Do you remember my article in December 2009…New Math Equation: HAMP + HARP + TARP = DUD? Well I guess I did not use strong enough words. I am not even sure abysmal is strong enough. Complete failure…utter disaster…absolute waste of a few hundred billion dollars! Anyway you slice it, a permanent loan modification under President Obama’s nearly year-old program to stem home foreclosures has been a horrific failure. So bad that I believe we may have been better off with out any bailout programs and saved tax payers hundreds of billions of dollars. So how bad is it?
Florida ranks third in the nation for foreclosures and has over 1 and 6 homeowners currently in default we have put hundreds of billions of dollars to good use and have successfully completed a whopping 8,405 mortgage modifications! Nationwide we have done 66,465 permanent mortgage modifications less than 2% of the total loans that are past 60 days delinquent. I personally know of only two people that have actually received a mortgage modification.
The dismal performance of the program marketed as a helping hand for the nation’s more than 3.3 million delinquent home loans was released last Friday in a Treasury Department progress report.
Throughout Florida, which by every measure is one of the states hardest hit by the real estate crash, there are 8,405 permanent modifications. In Palm Beach, Broward and Miami-Dade counties combined there are 2,987 permanent modifications.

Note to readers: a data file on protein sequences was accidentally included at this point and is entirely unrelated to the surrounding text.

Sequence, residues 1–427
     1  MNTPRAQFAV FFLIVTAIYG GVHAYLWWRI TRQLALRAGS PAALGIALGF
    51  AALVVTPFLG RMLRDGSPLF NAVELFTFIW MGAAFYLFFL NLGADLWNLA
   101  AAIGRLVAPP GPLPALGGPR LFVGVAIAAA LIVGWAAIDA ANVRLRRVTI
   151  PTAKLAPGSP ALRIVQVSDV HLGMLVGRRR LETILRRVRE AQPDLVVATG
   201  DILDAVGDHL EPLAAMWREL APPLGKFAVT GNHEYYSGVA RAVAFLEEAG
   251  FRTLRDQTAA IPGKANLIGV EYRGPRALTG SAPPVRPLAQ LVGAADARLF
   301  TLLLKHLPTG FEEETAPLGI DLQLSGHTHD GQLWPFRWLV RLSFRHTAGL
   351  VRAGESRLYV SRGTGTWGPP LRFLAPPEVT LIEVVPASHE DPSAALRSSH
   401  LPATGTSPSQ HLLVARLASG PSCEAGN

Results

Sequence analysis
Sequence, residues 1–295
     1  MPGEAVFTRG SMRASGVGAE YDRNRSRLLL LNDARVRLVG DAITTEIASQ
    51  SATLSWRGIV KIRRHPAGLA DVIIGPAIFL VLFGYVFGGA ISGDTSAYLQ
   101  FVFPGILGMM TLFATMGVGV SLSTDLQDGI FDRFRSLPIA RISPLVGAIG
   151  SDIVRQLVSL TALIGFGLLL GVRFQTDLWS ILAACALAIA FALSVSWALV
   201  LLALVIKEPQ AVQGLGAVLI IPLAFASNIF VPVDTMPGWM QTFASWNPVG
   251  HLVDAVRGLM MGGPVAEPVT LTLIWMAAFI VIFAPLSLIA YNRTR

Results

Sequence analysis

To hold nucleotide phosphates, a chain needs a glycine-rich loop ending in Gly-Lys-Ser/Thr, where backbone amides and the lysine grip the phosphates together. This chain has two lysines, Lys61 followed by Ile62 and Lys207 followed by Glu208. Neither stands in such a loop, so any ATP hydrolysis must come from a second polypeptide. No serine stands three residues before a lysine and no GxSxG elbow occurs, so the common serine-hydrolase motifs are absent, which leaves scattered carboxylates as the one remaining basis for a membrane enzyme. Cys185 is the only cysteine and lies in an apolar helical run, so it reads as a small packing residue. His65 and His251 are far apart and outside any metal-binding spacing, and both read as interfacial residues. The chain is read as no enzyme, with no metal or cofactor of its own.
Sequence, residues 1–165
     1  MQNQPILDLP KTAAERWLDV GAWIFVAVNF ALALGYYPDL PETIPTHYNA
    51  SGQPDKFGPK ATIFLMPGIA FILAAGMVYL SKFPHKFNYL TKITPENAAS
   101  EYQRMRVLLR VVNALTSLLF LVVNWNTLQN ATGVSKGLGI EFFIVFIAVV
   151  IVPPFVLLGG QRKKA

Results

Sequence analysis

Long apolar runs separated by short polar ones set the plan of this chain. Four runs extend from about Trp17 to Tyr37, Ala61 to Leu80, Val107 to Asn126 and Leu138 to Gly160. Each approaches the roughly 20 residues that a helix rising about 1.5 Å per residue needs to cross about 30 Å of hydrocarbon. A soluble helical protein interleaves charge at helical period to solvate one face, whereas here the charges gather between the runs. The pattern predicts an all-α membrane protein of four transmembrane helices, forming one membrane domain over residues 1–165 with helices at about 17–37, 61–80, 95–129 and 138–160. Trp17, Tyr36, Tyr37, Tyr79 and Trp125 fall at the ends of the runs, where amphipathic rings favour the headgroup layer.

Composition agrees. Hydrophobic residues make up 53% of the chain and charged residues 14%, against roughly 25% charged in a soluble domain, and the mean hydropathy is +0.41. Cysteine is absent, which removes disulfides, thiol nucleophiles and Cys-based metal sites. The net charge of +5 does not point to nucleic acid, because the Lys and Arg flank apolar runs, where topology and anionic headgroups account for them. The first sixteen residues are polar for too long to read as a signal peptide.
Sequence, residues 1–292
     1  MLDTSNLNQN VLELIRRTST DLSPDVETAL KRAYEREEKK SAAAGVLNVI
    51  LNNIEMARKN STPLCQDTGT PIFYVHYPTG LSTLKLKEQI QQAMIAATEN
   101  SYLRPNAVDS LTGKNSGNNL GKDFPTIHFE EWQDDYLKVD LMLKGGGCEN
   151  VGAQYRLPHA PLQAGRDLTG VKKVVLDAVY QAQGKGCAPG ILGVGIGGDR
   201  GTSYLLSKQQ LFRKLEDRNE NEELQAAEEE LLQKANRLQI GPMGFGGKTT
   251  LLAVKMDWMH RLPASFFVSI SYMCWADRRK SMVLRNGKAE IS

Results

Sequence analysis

Another 96,703 Florida loans are on trial modifications.
The Making Homes Affordable program gives incentives to banks to modify loans in three basic ways; reducing interest rates to as low as 2 percent, increasing the life of the loan, and reducing the principal owed on the loan.
“You keep hearing about this wonderful program the government is doing but it’s not working,” said Joel Bienvenu, who owns a home west of Boca Raton and has been trying to get a loan modification through Wells Fargo since August. “I keep getting excuses that they are just overwhelmed.”
Nationwide, 66,465 permanent modifications have been approved, less than 2 percent of the total loans that are 60 or more days delinquent. Another 46,056 permanent modifications have been approved by the lender, but not yet by the borrower.
The median monthly decrease to mortgages that received permanent modifications was $516, according to the Treasury Department.
From the beginning of the program, homeowners have complained about having to send lenders the same paperwork multiple times, while banks say borrowers provide the wrong documents or fail to meet the requirements for the permanent modification.
Anthony DiMarco, executive vice president of government affairs for the Florida Bankers Association, said Friday that lenders have been on a learning curve, but are improving.
“I think the industry is working hard,” he said. “You can’t ramp up a program like this overnight.”
Fort Lauderdale real estate attorney and foreclosure mediator Shari Olefson said the more than 1.1 million trial modifications offered to borrowers nationwide shows lenders are making an effort.
The fact that just 66,465 have become permanent points to a fundamental problem with the program, she said.
“The program itself is a failure,” said Olefson, author of Foreclosure Nation, Mortgaging the American Dream. “It’s trying to put a square peg in a round hole.”
To qualify for a modification, a person’s monthly housing expenses must be more than 31 percent of gross monthly income. But you also must prove that you can pay for the modification.
Olefson believes high unemployment and a steep loss in housing equity is keeping the plan from working.
“The whole program was crafted before we correctly identified the problem,” she said.